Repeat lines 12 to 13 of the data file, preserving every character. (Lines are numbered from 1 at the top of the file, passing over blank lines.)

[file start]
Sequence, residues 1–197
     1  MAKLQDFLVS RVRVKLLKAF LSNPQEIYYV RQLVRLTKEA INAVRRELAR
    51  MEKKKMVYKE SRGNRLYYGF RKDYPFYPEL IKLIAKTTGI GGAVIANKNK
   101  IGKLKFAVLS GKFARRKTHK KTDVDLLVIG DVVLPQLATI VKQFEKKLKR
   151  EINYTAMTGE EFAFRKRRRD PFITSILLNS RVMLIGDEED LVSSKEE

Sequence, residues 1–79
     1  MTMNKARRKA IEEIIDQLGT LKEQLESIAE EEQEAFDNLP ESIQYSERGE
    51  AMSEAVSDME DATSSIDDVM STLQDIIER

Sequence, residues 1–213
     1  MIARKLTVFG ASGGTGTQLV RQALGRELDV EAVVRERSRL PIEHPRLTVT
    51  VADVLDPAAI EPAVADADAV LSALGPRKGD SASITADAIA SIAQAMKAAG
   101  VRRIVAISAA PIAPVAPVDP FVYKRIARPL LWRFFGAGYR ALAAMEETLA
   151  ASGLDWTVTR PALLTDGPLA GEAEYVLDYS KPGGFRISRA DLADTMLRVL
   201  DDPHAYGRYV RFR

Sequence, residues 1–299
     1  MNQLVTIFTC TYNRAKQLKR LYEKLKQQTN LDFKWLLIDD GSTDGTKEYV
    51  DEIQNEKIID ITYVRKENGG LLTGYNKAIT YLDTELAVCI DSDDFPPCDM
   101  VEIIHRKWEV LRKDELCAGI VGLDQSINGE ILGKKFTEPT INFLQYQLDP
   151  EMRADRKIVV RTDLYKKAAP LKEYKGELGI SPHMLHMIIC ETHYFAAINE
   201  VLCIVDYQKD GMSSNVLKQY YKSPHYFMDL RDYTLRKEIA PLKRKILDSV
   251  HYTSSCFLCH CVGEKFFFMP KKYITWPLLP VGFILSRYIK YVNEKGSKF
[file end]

   101  VRRIVAISAA PIAPVAPVDP FVYKRIARPL LWRFFGAGYR ALAAMEETLA
   151  ASGLDWTVTR PALLTDGPLA GEAEYVLDYS KPGGFRISRA DLADTMLRVL